5 Simple Ways to be Climate-Friendly on a Budget




We all know how important our environment is - this is the only planet we have and we have to take care of it. With materialism and wastefulness so common (especially in wealthier countries) it’s up to each one of us to choose to make more environmentally responsible, eco-friendly choices in our everyday lives. But what if one is low on time and/or money yet still wants to make climate-conscious choices? Here are 5 Easy Ways to be Climate-Friendly on a Budget:




1. Repurpose old spaghetti sauce, coconut oil, or peanut butter jars as water bottles and/or food storage


U.S citizens throw away 35 billion plastic bottles every year. Only about 25% of the plastic produced in the U.S. is recycled.


Sure, you could buy brand new mason jars from thrift or dollar stores, but why throw away a used jar when it can be put to good use? Just give them a good wash and give that bottle a whole new purpose!



2. Collect a few reusable bags



U.S. citizens use 100 billion plastic bags a year, which require 12 million barrels of oil to manufacture.

They’re inexpensive and reduce the amount of plastic bags you use. You could also collect tote bags from local festivals and events and use those for shopping. Most of the reusable grocery cloth bags we use come from Vegan Soulfest here in Baltimore!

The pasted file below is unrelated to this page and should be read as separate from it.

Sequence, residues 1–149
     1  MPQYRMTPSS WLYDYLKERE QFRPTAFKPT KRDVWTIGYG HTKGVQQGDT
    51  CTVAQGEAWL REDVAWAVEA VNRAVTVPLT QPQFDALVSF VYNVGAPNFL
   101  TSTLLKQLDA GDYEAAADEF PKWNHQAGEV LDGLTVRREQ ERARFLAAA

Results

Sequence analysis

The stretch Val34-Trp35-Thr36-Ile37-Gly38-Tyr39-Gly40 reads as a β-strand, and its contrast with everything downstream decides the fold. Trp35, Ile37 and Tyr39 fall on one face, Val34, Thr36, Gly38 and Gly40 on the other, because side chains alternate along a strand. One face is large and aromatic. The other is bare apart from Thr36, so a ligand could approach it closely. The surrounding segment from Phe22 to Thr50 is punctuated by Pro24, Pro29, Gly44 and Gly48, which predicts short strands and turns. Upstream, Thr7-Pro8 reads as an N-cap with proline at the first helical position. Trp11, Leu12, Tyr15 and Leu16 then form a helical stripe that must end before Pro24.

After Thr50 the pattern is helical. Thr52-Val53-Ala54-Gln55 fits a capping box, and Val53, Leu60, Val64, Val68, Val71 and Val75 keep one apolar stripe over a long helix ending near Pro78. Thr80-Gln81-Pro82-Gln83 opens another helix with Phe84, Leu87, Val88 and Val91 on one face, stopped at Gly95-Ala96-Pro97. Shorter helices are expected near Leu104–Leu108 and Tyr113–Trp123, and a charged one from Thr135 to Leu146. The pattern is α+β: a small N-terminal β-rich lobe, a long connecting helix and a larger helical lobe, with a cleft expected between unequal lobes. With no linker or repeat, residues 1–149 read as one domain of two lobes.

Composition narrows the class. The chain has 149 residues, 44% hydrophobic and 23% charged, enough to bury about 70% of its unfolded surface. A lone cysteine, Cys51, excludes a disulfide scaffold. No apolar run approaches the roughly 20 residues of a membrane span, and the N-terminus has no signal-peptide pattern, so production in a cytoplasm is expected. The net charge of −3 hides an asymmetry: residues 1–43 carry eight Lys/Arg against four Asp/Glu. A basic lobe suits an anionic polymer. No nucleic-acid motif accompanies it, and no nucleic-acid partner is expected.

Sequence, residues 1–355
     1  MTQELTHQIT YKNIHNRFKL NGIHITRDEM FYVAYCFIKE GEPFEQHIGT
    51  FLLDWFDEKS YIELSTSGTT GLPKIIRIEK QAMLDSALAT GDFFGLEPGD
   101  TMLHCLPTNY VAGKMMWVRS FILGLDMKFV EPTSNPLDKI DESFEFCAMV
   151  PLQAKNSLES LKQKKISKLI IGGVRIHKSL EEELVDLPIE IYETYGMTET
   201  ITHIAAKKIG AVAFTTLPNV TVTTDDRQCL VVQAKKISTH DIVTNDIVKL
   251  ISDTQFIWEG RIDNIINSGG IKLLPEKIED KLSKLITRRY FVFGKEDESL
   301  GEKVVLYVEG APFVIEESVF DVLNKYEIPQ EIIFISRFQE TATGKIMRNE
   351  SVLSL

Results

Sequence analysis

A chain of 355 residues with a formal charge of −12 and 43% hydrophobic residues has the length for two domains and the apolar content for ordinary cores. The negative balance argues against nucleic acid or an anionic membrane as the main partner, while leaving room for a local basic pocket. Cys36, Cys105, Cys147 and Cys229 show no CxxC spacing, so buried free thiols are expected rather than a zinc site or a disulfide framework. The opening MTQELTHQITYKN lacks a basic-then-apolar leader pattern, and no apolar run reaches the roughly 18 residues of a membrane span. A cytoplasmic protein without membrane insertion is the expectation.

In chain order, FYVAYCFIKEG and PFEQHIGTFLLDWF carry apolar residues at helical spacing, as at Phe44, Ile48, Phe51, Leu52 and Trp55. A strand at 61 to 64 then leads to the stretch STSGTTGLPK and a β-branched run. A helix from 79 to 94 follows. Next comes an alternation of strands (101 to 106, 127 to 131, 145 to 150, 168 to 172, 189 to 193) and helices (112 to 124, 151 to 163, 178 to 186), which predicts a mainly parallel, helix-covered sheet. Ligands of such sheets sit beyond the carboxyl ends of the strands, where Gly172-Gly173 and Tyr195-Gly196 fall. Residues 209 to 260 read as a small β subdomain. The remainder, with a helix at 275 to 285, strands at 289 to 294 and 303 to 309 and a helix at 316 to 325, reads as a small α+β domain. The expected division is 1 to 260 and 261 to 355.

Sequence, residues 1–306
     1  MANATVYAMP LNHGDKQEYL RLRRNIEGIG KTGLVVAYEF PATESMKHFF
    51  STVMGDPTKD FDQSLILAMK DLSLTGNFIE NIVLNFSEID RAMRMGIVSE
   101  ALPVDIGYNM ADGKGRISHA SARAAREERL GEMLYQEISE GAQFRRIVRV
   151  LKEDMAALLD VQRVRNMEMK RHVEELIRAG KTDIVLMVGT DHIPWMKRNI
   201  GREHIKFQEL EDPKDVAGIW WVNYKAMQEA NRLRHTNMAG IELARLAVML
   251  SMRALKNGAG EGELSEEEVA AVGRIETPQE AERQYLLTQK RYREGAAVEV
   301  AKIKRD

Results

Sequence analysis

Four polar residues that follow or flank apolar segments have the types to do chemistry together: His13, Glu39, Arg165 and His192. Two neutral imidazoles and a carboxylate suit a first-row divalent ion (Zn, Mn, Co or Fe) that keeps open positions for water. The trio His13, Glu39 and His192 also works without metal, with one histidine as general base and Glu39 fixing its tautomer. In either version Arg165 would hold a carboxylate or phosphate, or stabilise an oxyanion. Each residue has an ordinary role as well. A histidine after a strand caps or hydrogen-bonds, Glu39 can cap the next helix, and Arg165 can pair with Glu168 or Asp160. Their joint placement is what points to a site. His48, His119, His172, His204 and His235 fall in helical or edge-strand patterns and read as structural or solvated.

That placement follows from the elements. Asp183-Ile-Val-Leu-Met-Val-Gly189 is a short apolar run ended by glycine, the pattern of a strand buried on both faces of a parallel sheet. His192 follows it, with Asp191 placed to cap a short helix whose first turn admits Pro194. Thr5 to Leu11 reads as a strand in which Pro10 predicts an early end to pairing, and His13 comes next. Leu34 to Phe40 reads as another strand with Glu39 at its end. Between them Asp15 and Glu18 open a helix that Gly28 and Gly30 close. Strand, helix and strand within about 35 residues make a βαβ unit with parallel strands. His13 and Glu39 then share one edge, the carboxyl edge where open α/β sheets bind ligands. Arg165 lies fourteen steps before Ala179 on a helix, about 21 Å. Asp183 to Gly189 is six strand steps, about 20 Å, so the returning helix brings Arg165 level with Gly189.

3. Repurpose old clothing



In 2017, 16,890 tons of textiles were generated—only 2,570 tons were recycled, and 11,150 tons were landfilled.


Instead of tossing your old clothes in a trash heap, see which ones you could still use. You could make a new DIY design or use them as rags, smocks, or leisure wear. If you’re really not feeling it, just give it away to someone who could use them!



4. Actually eat leftovers



The United States is the global leader in food waste, with Americans discarding nearly 40 million tons of food every year.


Cherishing your leftovers guarantees less garbage, especially if they’re not in a wrapper. You could even use leftover veggie scraps as a broth for soups.


5. Bring your own silverware and/or buy tupperware




Containers and packaging make up a major portion of municipal solid waste (MSW), amounting to 82.2 million tons of generation in 2018 (28.1 percent of total generation).


You can bring your own utensils or tupperware if you’re going out to eat. This way, you don’t use or waste harmful plastics and can reuse them until they’re worn out. Reusable containers tend to be cheap so stock up - just don’t forget to wash them out promptly when you’re done with them or you’ll have a moldy mess on your hands!


There you have it! Being eco-conscious doesn't have to be stressful, just use what you have and it'll go a long way. Let us know if there's anything we missed or if you benefited from these tips!



Sources:


https://www.rts.com/resources/guides/food-waste-america/


https://www.statista.com/statistics/275480/us-households-usage-of-disposable-food-storage-containers/


https://www.gogreendrop.com/blog/7-important-reasons-to-recycle-your-clothes/


https://www.biologicaldiversity.org/programs/population_and_sustainability/sustainability/plastic_bag_facts